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Breaking from his party, Doug Jones votes for short-term funding bill citing CHIP funding

By Samuel Mattison
Alabama Political Reporter

Recently sworn-in U.S. Sen. Doug Jones voted for a short-term funding of the federal government on Friday despite his party’s overwhelming rejection of the bill.

Jones said his reasons for voting for the bill relied heavily on its funding of the Children Health Insurance Program and more specifically its Alabama version, ALL Kids.

“At the end of the day, we all know this is not how government is supposed to be run but I made a commitment to more than 150,000 children and their families who depend on Alabama’s CHIP program,” Jones said in a statement on Twitter.

The senator ended the statement by calling on a more long term solution to CHIP funding. If funding cannot be established soon, Alabama’s CHIP program, ALL Kids, would face tough choices in terms of enrollment and coverage.

The Alabama Department of Public Health, at the annual budget hearings earlier this month, requested that Alabama’s Legislature foot the bill for the funding shortfall from the federal government. The department said they would need to freeze enrollment early this year if Congress could not fund the program.

Budget committee members were skeptical of allocating millions from the general budget to fund what could be an unnecessary earmark while other problems, such as prison reform, required a vast amount of state resources.

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Jones was not alone in his breaking from the party. Four of his Democrat colleagues joined him in voting yes on the short-term funding bill.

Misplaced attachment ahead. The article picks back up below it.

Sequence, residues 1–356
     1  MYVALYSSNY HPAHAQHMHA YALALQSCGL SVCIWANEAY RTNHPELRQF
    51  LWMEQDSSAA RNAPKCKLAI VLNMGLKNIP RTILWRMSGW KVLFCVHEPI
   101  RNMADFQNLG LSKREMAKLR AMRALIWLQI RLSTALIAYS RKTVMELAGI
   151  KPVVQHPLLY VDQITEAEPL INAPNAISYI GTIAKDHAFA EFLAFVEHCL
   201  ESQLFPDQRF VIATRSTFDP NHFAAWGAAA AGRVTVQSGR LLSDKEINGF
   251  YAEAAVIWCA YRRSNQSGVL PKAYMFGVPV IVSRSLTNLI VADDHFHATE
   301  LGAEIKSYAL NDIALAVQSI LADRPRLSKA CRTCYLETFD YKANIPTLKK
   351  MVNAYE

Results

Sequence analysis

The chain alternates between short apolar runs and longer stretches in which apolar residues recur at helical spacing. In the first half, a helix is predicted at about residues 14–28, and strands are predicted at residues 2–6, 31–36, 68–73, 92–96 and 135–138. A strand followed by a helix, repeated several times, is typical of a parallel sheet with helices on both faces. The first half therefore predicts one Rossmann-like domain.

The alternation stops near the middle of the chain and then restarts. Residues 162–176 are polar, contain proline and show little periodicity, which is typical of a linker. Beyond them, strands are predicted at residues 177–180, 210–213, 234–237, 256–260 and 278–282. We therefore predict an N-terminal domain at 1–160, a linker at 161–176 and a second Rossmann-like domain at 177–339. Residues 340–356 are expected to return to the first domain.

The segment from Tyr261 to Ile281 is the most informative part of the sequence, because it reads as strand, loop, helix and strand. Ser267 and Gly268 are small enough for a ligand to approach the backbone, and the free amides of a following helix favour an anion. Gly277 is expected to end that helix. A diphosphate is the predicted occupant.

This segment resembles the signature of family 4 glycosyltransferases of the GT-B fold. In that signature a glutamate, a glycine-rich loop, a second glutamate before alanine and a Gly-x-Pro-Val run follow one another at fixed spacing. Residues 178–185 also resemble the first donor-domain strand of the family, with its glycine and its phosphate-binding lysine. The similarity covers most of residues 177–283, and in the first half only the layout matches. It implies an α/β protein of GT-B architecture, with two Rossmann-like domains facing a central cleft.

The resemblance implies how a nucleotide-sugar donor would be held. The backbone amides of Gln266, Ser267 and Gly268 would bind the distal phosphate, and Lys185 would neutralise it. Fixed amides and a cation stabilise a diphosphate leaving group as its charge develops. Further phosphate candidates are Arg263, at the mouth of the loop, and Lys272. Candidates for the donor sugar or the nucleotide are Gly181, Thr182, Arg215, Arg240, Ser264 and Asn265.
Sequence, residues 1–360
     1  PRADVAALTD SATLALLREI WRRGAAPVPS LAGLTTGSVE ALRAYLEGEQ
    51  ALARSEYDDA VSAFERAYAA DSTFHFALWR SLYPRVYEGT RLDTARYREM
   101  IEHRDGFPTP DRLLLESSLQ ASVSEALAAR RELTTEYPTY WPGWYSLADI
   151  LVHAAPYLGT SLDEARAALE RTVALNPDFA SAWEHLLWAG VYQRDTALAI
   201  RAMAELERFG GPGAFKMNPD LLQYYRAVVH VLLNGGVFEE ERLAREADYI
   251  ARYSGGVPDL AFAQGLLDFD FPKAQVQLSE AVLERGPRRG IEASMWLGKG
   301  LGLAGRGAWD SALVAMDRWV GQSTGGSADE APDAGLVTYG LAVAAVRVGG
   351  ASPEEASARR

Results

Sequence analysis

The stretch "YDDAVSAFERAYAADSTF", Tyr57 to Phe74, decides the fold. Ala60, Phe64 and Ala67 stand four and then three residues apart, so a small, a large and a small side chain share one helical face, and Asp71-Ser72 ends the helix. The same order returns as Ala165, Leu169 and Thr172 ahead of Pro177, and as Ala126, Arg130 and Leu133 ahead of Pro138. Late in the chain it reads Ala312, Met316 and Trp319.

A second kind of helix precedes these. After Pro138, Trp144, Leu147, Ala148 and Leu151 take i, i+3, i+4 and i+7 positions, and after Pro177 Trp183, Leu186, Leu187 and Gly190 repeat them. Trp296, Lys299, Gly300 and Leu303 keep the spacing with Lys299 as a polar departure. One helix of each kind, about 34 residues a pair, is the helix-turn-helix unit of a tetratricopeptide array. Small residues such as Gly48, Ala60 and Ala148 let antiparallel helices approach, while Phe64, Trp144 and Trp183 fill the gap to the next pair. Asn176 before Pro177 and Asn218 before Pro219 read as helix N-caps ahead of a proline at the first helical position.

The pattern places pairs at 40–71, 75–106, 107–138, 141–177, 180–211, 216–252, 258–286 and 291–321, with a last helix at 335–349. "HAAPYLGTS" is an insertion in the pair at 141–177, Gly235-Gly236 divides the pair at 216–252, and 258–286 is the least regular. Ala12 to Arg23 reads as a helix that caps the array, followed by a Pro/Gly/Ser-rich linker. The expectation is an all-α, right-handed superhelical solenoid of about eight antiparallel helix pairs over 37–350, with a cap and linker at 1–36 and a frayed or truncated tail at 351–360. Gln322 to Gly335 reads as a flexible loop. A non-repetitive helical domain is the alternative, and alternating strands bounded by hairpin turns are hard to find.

Most Democrats in the Senate refused to vote for the bill until they could get a deal to fund the Deferred Action for Childhood Arrivals program that the Trump administration stopped last year. Of the Democrats that voted for the short-term funding bill, all are in states that voted for President Donald Trump in 2016.

The move by Jones could be another signal that he will work with Republicans in the upper chamber. During the campaign trail, Jones said he would try and work with Republicans in the Senate, and stressed he would focus on “kitchen table issues” like CHIP.

Alabama’s newest senator won by a small margin and the Alabama Republican Party called on Jones to vote yes on the bill hours before the vote. The party pressured Jones since his victory to vote with his Republican colleagues, citing Alabama’s Republican-leaning population who would vote for Jones’ seat in 2020.

The five Democrats voting for the bill did not stop the government shutdown that took place early Saturday morning. The shutdown is just another point in a series of failed negotiations between Republicans and Democrats over issues like DACA and the funding of harsher immigration policies.

Senate Majority Leader Mitch McConnell, R-Ky., rescheduled a vote to fund the government for 1 a.m. Monday.

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